LONDON, Aug 5 (Reuters) - Sterling sank towards $1.30 on Friday, its weakest in three weeks, after stronger-than-expected jobs numbers in the United States strengthened speculation U.S. interest rates would rise this year.
The pound gained 0.15 percent to 84.76 pence per euro and had looked to be recovering after the Bank of England announced a package of new stimulus measures for Britain’s slowing economy on Thursday, driving sterling to its biggest daily losses in a month.
But an hour after the U.S. numbers, it was trading half a percent lower on the day at $1.3037, having touched a three-week low of $1.3021.
“The key point for us after this data is that the U.S. side of the equation has not so far come into play on sterling,” said Sam Lynton-Brown, a strategist with BNP Paribas in London.
“Given our more hawkish view that the Fed will deliver a rate hike in September, we think there is a lot of room on the downside and target $1.24 in cable.”
The Bank of England’s cuts on Thursday in its growth forecasts for next year and its hints of more easing to come underline the central case bank analysts have made for the pound to weaken since June’s vote to leave the European Union.
But with bets against sterling already at their highest on record, weakening the currency has proved difficult for speculative investors over the past month. It remains more than 2 cents above lows hit in early July.
Deputy Governor Ben Broadbent said on Friday the pound’s drop after the Bank of England’s decision was “relatively small” compared with its fall after the Brexit vote.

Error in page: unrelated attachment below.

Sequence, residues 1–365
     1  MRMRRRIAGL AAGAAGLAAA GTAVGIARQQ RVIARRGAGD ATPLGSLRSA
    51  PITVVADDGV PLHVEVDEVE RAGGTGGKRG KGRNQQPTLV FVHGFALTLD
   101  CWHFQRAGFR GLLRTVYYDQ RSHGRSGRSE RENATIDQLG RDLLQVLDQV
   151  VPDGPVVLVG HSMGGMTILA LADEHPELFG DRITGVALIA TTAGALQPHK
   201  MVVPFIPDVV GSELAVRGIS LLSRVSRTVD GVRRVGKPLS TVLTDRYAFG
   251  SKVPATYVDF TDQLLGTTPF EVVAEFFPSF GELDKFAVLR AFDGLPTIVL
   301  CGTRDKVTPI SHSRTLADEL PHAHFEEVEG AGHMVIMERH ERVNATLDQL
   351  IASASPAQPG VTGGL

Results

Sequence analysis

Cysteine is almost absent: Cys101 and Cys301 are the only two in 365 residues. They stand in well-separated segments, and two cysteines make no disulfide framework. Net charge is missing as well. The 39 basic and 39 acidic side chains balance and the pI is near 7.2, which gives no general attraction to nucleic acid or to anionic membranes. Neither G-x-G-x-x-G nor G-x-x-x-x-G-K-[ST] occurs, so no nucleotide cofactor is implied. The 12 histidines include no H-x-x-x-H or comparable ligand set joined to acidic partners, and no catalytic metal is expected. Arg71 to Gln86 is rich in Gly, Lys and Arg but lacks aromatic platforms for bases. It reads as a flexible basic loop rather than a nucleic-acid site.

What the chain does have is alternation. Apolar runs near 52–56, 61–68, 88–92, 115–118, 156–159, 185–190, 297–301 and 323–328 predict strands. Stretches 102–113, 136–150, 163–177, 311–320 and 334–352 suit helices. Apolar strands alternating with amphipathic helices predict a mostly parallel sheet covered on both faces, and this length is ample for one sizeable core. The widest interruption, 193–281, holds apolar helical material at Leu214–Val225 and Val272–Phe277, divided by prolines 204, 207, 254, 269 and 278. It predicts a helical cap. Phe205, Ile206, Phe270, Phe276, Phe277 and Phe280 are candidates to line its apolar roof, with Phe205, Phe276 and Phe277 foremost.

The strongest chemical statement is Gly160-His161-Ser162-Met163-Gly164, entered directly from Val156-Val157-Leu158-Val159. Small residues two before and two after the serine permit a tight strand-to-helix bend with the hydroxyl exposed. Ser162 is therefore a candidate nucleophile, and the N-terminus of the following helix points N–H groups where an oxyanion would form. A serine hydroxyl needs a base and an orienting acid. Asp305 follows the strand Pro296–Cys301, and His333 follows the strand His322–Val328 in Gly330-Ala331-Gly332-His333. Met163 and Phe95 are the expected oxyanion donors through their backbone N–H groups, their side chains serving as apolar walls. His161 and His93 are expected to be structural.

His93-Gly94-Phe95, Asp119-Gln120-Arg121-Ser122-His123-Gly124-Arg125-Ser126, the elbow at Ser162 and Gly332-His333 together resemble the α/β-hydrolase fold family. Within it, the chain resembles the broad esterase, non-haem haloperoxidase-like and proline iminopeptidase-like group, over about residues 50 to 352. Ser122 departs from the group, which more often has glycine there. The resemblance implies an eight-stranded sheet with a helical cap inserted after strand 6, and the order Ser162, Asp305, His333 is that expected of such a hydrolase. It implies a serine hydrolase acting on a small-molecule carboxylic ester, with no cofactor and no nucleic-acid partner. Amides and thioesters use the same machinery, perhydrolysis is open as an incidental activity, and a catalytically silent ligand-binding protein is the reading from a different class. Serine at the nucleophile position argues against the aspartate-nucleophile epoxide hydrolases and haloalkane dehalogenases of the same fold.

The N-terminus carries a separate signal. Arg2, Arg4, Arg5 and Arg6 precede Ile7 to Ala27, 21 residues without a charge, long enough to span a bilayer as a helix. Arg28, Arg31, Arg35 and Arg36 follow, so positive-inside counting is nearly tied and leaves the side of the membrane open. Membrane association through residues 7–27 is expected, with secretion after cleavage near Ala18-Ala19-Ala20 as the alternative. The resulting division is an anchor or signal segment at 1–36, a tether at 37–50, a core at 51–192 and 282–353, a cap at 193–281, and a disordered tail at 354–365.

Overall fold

“My feeling is the actions taken by the BoE will be viewed as considered, proactive and stabilising, which may stoke some confidence,” said Tobias Davis, head of corporate treasury sales at Western Union in London.
The BoE’s rate cut, the first since 2009, was widely expected. But economists had been divided on whether the central bank would revive its bond purchases and do more.
In the event, it announced a series of steps, including new bond-buying, purchases of corporate debt and a targeted lending programme, or Term Funding Scheme (TFS), reminiscent of that run by the European Central Bank.
The extent of the measures, and Governor Mark Carney’s ruling out of negative interest rates, also suggests any further reduction of the return investors get for holding sterling will be limited. One advantage the pound continues to have over some of its major peers are higher gilt rates.
“While the forward guidance of more easing was quite explicit yesterday, it really only amounts to a signal of a further 15 basis points of easing down to 0.10 percent,” said Derek Halpenny, European head of global market research at bank of Tokyo-Mitsubishi UFJ in London.
“The key to describing this as an ‘exceptional package of measures’ is the potential size of the TFS. That measure incorporates the bulk of the balance sheet expansion and we can’t be sure at this stage what the take-up will be.” (Editing by Larry King)